All this is to get to this credit line: In my
absence, MRC analyst Brad Wilmouth pitched in and reviewed the August 21
network evening shows and provided the transcripts recited below.)
-- ABC's World News Tonight. Speaking of
Vargas, as anchor she announced: "Also in Washington today, news that
will change the face of American politics. Senator Jesse Helms of North
Carolina is expected to announce tomorrow that he is retiring. During his
five terms in the Senate, Senator Helms has been a magnet for controversy.
He is one of the country's foremost conservative leaders, a towering
figure. Rumors of his retirement have been swirling for months, even
years. ABC's Claire Shipman is in Washington. Claire, why retire
Shipman answered: "Well, Elizabeth, he is
79, and in recent years, he's had a number of health problems, including
prostate cancer, but political experts are also noting that his
re-election might not have been easy. North Carolina is a politically
divided state, and remember, while Helms is a conservative icon, he's
long been a nemesis to liberals. One of the most powerful conservative
voices in the nation, Jesse Helms' politics were his convictions, and
they were always plain."
Helms on the Senate floor: "There's a
great big odor rising from the manner in which Congress is falling all
over itself to do what the homosexual lobby is almost hysterically
demanding that Congress do."
Shipman: "Democrat John Edwards now takes
over as the state's senior Senator."
Senator John Edwards: "Senator Helms has
played an important role in the history of North Carolina, but North
Carolina and the South, in general, have changed, and it's time for a
new generation of leadership in North Carolina and the South."
Shipman ran through his bad views: "Helms
was first elected in 1972 from a small North Carolina town. Early on, he
crusaded fervently for what he considered traditional family and religious
values and against abortion. On racial issues, he was a lightning rod,
unrepentant about his support for American segregation, firmly opposed a
Martin Luther King Day as a national holiday. Dubbed 'Senator No' by
his colleagues, the combative politician reached the height of his
political power as head of the Senate Foreign Relations Committee. He
taunted the Clinton administration, warning the President not to set foot
in North Carolina, and locking horns on foreign policy. He was once asked
if he thought Clinton was fit to be Commander-in-Chief."
Helms on CNN's Evans & Novak: "I, you
know, you ask an honest question, I give you an honest answer. No, I do
not, and neither do the people in the armed forces."
Shipman saw an upside: "And Helms was an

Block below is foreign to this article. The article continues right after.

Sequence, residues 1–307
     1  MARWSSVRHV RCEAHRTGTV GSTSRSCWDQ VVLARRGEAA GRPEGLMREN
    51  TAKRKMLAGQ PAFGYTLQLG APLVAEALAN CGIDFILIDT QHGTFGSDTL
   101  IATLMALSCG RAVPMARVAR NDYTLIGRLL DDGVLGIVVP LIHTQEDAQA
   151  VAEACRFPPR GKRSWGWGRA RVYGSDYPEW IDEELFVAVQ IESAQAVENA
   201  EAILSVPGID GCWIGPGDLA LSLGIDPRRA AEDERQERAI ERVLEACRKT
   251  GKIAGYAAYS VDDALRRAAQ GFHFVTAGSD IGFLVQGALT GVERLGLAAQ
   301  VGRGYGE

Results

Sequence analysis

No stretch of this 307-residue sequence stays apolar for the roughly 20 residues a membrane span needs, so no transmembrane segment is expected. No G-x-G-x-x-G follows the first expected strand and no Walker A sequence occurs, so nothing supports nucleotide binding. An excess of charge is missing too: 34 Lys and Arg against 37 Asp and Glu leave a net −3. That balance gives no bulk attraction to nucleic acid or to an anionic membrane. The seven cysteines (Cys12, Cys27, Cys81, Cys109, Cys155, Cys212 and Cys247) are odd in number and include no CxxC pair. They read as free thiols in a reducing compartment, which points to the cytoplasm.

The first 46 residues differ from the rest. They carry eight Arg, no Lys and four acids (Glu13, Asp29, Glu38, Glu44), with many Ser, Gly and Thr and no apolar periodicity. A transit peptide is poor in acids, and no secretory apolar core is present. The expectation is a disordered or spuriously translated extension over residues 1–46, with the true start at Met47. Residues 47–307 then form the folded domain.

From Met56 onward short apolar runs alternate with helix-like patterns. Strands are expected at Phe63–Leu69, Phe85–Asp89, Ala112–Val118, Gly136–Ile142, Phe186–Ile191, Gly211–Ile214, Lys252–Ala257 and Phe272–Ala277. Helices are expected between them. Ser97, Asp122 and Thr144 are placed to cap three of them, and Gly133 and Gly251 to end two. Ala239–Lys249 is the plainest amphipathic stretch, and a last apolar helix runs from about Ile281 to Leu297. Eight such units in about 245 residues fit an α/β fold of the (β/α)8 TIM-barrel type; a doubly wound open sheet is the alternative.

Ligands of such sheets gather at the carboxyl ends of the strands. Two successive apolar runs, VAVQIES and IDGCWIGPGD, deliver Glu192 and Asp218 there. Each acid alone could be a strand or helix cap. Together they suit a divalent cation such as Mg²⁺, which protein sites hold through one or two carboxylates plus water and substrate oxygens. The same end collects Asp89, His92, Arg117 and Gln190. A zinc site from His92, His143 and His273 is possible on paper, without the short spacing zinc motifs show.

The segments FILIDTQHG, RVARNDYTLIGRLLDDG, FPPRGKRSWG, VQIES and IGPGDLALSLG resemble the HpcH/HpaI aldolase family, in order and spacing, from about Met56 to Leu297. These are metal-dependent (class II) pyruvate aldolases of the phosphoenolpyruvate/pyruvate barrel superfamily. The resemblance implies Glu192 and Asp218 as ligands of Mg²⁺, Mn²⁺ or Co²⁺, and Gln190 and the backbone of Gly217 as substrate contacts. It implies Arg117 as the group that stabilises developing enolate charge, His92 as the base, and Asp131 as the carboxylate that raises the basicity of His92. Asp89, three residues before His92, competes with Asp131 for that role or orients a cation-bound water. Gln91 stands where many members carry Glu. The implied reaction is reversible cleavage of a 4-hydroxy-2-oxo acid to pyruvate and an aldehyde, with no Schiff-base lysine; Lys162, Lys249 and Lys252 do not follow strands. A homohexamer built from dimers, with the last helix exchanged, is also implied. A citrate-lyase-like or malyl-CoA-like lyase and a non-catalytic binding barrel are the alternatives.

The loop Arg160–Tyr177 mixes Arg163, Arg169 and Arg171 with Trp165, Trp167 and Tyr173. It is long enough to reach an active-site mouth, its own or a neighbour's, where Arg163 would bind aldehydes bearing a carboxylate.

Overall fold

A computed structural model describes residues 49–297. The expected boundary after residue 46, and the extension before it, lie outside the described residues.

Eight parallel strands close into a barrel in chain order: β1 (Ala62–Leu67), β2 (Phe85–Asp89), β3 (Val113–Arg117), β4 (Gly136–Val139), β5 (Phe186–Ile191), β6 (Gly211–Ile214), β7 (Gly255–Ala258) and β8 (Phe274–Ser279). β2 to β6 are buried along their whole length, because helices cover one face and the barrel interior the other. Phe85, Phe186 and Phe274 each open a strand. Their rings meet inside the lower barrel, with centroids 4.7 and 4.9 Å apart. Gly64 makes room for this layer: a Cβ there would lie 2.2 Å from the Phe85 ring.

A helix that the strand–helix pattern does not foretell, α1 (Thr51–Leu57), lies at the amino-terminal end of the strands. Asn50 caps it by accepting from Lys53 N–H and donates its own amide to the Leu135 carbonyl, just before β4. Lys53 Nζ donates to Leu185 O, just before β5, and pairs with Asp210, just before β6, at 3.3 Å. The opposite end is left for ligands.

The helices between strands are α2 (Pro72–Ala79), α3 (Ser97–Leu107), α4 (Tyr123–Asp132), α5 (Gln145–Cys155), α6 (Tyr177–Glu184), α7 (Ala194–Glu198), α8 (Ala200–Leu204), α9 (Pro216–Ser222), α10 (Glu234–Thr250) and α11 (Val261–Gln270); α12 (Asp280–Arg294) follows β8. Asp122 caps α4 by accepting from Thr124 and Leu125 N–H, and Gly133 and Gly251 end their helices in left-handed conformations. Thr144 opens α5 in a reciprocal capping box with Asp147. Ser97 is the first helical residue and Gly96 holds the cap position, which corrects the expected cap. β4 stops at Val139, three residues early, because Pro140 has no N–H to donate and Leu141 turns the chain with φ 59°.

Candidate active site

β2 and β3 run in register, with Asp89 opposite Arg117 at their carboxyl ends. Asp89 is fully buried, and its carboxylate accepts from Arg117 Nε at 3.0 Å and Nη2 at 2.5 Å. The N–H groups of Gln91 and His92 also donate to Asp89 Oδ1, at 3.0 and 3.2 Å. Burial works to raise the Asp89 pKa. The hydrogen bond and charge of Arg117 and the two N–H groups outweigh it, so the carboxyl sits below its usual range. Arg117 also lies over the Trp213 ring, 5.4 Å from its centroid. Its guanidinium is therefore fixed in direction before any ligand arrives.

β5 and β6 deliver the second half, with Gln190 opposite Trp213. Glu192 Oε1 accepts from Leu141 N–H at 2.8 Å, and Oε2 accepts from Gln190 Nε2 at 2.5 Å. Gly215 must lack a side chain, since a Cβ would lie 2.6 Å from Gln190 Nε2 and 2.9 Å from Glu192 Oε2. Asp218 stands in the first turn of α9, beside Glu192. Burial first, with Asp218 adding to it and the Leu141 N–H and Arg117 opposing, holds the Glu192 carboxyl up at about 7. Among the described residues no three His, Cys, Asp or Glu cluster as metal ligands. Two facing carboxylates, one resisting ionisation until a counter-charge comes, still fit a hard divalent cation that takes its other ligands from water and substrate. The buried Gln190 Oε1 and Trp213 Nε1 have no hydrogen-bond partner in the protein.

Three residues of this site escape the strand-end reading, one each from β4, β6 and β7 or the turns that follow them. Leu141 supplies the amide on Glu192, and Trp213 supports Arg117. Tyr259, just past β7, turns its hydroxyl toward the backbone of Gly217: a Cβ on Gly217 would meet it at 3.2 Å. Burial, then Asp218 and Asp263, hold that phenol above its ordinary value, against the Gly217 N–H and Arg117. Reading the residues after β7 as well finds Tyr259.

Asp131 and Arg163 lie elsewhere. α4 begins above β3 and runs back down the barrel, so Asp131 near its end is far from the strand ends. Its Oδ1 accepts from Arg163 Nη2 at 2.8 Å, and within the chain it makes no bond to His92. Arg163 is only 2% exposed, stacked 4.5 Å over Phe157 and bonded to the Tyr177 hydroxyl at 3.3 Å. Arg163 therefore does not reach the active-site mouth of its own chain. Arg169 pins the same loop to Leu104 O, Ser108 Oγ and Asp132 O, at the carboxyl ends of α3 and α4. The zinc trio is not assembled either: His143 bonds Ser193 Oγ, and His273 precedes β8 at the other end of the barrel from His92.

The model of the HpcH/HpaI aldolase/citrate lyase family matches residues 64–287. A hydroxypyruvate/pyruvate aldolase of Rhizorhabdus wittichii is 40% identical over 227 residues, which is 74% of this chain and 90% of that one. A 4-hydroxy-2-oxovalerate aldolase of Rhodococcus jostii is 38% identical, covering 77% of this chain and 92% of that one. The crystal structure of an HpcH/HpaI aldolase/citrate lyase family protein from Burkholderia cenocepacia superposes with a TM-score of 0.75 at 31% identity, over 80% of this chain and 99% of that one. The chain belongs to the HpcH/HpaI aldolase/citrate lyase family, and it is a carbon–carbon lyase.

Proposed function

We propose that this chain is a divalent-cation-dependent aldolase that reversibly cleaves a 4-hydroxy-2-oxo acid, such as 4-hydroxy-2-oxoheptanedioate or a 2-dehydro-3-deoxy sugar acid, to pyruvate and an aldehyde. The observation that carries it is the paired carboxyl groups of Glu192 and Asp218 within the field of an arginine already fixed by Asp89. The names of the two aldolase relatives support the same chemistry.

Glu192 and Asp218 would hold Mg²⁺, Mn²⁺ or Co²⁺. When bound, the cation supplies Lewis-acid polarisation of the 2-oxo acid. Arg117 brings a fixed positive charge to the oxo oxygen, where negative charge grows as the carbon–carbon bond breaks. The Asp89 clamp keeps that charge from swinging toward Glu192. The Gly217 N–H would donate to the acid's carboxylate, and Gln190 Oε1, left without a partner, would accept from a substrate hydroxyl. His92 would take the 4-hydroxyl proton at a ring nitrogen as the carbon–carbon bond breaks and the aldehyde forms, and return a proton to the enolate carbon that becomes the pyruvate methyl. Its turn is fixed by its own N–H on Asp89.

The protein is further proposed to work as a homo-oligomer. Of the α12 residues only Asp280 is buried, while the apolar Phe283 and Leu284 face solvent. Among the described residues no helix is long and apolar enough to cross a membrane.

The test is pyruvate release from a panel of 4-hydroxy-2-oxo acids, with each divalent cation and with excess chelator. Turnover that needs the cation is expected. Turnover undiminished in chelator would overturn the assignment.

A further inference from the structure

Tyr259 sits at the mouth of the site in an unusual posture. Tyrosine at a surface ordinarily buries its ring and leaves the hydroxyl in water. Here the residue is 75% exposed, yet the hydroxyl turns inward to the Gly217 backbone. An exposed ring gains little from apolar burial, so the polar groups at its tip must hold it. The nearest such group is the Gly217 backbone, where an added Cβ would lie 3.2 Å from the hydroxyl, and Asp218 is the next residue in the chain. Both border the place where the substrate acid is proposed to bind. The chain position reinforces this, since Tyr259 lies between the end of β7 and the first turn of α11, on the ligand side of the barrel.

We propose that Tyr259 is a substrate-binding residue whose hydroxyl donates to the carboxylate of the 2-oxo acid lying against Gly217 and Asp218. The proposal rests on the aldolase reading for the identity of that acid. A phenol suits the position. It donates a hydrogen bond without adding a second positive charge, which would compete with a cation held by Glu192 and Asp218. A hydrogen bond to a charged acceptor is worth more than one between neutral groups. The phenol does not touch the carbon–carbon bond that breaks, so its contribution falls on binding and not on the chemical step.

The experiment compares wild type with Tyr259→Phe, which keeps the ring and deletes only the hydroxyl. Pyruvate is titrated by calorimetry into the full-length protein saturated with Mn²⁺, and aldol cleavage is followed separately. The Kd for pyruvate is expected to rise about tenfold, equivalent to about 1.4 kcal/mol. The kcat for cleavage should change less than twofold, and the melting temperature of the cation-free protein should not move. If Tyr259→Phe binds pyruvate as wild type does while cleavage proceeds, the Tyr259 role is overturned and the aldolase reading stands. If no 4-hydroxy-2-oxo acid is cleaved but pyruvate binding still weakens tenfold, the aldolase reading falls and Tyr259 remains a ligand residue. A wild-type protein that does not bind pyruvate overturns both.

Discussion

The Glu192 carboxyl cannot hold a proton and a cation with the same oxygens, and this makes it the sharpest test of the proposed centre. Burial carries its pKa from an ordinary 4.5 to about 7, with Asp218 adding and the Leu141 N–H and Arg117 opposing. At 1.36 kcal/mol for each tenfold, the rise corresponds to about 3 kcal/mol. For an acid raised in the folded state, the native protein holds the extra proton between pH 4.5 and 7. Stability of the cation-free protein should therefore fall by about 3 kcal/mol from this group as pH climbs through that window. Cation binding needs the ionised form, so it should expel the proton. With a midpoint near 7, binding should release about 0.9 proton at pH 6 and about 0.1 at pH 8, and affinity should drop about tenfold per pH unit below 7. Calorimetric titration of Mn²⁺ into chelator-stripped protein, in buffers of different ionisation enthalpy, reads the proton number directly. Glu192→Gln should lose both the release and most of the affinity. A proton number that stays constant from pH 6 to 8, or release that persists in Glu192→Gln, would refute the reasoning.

unrepentant U.N. basher, holding up U.S. dues to the international
organization for years, but he softened recently, allowing himself to be
wooed and charmed by former Secretary of State Madeleine Albright. Just
last year, the long-standing enemy of world government was welcomed as a
guest of honor at the U.N. Security Council."
Shipman concluded by noting how "the
Democrats have a number of strong contenders" to replace Helms and
"Republicans are hoping to counter with a big name, Elizabeth
-- CBS Evening News. Bob Orr started his piece
with seeming balance: "He is one of the most polarizing forces in
American politics -- reviled by the left-"
Helms at a re-election celebration: "If the
liberal politicians think I've been a thorn in their sides in the past,
they haven't seen anything yet."
Orr: "And revered by the Christian
Helms: "Trying to be on God's side."
Orr explained how Helms decided to retire at
age 79, a decision he hinted at it in an April interview on CBS's Sunday
Morning in which he said leaving Senate would not be easy.
But then Orr looked at Helms only from the
left: "Over three decades, Helms has championed his own unbending
agenda, earning the nickname 'Senator No.' He fought the Panama Canal
treaties and has opposed abortion rights, AIDS funding, and even the
Martin Luther King holiday. His opponents have accused him of using race
to win elections."
Clip of 1990 campaign ad with white hands
crumpling up a piece of paper: "For racial quotas, Harvey
Orr: "Helms, who reached the height of his
power as chairman of the Senate Foreign Relations Committee, could be
brusque, but Helms has always seen himself as a true conservative."
Helms in the April interview: "He's a
fellow who believes, as we always say, in limited government, but the
conservative I admire also respects the moral and spiritual principles on
which this country was founded in the first place."
Orr concluded the relatively short story:
"Love him or hate him, Helms has been a giant here on Capitol Hill,
and now, as speculation turns to possible candidates to replace him, Helms
supporters and opponents can finally agree the next Senator from North